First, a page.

“#OIG initiates an audit of the Surface Water and Ocean Topography Mission.”
15:32 February 22, 2017
Feds Won’t ‘Speculate’ About How Many Taxpayer-Funded Scientists Fake Data
Daily Caller (skeptics bear with me here)
February 24, 2017
For better or worse, a day of reckoning could be fast approaching that could effect many government contractors and grantees. I am reminded of the Summer of 2006 while I was with USDOJ as we watched the awareness dawn on the Bush Administration that it had a major problem with its supply chain of goods and services to the nation’s warfighters. Back then, if you knew what to look for, the “tells” so to speak, you could predict based on prior history, how the grant fraud and procurement fraud enforcement (GFPFE) response might develop.
Since early 2016, we have been wondering if grant fraud and procurement fraud enforcement (GFPFE) would be experiencing a “robosigning event,” where you go to bed on Tuesday never hearing about the existence an enforcement issue and wake up on Wednesday to task forces, plaintiff’s attorneys and media coverage devoted to rooting out the perceived harm. In reality, in enforcement, overnight sensations really happen in three month increments. From the time of the dawn of mankind to August 2010, no one had heard the word or the concept of “robosigning.” By October, 2010, the country was embroiled in a robosigning scandal.
It is important to recognize that the scale of the concern regarding robosigning events does not have to be proportional to the actual harm. Risk analysis is also drastically affected by the reality that the identity of the media drivers has changed so we are in uncharted territory to an extent. You may not agree with it, you may not like it, but if you pretend it is not happening, you are blinding your ability to evaluate and mitigate risk for you (or your clients). I see this too often where practitioners let their personal political preferences cloud their vision and don’t react quickly enough to changing circumstances. You can allow yourself not to like what look to you as abrupt changes but just don’t pretend they don’t exist. What the New York Times thinks or ABC News thinks is now less relational to perceived risk than what Breitbart thinks or Daily Caller thinks because, even if you hate it, those media outlets are likely to be read by the new Administration. More importantly, career enforcers believe those media outlets are read by the new Administration so they are reading them. Our risk analysis has factored in these new dynamics since June 2016 and we have been raising the alarm about a scientific fraud enforcement initiative since well before that since the cornerstone of the foundation for such an effort was laid some time ago. Let’s look at this morning’s Daily Caller piece. Notice the posture of the piece is not focused on whether scientific fraud exists, it 1) assumes it exists, 2) it implies that there seems to be a lot of it and 3) there may be so much of it that we can’t even estimate it.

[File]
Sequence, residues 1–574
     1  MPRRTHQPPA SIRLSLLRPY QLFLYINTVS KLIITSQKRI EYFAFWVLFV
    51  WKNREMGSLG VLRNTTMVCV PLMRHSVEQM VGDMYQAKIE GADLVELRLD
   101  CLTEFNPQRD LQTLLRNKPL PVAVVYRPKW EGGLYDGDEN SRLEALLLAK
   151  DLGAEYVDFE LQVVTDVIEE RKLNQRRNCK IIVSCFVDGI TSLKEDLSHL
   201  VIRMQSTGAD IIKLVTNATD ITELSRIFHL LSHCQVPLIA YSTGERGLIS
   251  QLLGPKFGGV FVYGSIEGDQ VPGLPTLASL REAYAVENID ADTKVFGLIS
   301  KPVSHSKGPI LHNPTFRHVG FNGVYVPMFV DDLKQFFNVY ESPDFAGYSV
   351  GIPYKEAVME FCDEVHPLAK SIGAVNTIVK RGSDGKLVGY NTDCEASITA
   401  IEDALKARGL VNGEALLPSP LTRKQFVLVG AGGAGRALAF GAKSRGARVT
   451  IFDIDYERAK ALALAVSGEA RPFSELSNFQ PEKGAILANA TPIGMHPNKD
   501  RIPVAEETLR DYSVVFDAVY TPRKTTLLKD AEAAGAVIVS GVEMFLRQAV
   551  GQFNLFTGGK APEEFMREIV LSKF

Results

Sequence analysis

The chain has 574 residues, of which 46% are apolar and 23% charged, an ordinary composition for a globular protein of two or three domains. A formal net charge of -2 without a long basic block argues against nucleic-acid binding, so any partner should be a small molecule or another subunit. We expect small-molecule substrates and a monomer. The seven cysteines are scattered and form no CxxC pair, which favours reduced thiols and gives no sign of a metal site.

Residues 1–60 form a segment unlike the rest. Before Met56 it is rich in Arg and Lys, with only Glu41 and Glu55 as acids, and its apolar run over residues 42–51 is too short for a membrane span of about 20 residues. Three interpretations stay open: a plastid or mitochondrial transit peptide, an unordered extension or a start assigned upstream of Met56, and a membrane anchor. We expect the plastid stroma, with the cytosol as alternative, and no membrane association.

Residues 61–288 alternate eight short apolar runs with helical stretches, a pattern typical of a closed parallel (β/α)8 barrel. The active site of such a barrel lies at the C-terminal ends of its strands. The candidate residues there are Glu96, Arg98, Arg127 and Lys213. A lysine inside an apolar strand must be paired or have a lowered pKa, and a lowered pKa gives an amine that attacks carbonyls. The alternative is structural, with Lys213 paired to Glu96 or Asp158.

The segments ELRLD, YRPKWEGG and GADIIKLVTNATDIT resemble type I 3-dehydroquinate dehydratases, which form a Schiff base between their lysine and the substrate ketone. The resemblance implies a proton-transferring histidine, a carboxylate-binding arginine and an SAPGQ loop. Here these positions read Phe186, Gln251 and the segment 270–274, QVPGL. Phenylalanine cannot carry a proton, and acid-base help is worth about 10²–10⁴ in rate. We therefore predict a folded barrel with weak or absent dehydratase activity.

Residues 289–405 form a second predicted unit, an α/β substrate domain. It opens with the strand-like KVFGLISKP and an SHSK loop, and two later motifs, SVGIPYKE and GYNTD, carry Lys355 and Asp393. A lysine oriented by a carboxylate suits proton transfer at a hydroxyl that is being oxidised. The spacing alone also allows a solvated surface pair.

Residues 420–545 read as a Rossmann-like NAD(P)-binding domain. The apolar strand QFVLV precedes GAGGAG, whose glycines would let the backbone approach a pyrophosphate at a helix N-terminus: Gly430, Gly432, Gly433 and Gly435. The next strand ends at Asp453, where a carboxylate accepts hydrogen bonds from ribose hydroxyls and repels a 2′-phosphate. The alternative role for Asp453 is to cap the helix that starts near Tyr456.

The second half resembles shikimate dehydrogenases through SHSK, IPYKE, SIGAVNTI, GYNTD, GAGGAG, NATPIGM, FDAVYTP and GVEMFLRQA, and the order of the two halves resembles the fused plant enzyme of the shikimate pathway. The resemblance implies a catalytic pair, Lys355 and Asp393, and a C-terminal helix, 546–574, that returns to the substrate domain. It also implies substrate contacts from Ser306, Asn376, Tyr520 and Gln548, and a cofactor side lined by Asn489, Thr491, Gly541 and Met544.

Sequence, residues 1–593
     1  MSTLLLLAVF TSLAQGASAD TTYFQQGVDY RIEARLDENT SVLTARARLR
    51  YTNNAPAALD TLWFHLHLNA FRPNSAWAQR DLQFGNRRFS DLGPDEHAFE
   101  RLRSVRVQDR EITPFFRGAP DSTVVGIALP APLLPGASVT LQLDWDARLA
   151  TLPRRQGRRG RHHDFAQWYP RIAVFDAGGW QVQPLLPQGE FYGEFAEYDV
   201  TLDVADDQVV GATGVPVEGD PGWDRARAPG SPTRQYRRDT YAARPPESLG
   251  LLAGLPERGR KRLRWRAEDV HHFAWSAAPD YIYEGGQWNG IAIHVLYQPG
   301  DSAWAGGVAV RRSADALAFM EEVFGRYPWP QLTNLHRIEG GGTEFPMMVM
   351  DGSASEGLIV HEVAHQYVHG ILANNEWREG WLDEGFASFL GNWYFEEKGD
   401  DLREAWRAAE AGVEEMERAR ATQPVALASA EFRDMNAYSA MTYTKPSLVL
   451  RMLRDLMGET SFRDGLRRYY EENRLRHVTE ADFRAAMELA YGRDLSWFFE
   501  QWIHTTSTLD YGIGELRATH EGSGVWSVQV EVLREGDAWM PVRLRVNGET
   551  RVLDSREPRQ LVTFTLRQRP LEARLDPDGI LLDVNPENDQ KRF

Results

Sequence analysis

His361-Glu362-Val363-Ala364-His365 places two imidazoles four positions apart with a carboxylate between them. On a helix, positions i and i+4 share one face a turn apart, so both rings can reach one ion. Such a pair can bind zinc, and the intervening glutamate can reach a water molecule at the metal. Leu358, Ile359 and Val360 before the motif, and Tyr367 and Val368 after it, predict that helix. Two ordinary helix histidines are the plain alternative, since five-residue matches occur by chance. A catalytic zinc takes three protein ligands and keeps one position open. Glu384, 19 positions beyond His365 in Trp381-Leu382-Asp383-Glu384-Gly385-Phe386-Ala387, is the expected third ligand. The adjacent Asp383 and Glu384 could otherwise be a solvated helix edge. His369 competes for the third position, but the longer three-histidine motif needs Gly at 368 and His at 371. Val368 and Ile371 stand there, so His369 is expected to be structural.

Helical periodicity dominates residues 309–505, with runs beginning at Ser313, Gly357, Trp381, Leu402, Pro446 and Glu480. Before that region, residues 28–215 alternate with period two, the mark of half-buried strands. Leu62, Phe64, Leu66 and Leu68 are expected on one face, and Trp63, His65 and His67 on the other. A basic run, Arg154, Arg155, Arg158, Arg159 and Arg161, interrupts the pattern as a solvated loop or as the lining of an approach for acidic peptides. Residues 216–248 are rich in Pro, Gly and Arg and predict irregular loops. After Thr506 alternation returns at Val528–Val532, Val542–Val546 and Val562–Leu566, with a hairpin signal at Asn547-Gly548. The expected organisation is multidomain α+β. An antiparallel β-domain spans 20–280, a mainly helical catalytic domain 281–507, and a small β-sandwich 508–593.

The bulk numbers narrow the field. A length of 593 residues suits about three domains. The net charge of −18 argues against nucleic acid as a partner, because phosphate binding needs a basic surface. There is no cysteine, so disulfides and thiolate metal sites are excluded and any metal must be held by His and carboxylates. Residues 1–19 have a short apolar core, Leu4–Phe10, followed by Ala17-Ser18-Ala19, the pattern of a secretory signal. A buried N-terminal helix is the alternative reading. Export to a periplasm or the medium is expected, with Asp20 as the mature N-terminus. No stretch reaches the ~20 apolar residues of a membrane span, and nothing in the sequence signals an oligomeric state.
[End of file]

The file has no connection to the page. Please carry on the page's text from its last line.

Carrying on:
We have a number of areas of enforcement that are ripe for a “robosigning event.” Although it is off topic to GFPFE, you are likely to have robosigning events in areas like child sex trafficking (that we are involved with through formerfeds.org). This is a vastly understated problem that compliments immigration enforcement and it is likely that you will see invigorated enforcement methods to root out what has to be among the worst evils on the planet. Yesterday, Trump met with professionals involved in the fight against human trafficking and I expect to see a significant effort in this regard.
We are also likely to see robosigning events in GFPFE. Setting aside the lack of moral basis or causation that many will fail to see, the first is likely to be climate research. The initiation of an audit on temperature data by NASA OIG (referenced at top of page) is very significant. Since the wikileaks disclosure involving alleged malfeasance by climate scientists in 2009, there has been no stomach on the part of the media or enforcers to dig. That dynamic has changed. If you are unfamiliar with this issue, it is important you get up to speed now and look at it as enforcers are looking at it who now think they are likely to receive the overhead support to investigate.
Since June of last year when it became evident that we were going to have a change in administration, we have been advising our clients who are grantees and contractors to begin immediately stepping up their compliance procedures and internally investigate and properly handle vulnerabilities because we believe that a storm is approaching.
As I hope to blog about next week, don’t be lulled into thinking that OIG’s are moribund waiting for the installment of a permanent IG (that for most agencies could occur late this year or early next year). Enforcement agencies now are trying to get out in front of where they interpret the new Administration enforcement priorities will be and agents pride themselves at getting their sooner, faster, and with more finesse, prior to the arrival of the herd.